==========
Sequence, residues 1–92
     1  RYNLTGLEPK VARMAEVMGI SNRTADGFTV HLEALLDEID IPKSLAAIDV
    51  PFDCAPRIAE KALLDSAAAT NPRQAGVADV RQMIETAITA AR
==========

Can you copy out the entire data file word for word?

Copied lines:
Sequence, residues 1–92
     1  RYNLTGLEPK VARMAEVMGI SNRTADGFTV HLEALLDEID IPKSLAAIDV
    51  PFDCAPRIAE KALLDSAAAT NPRQAGVADV RQMIETAITA AR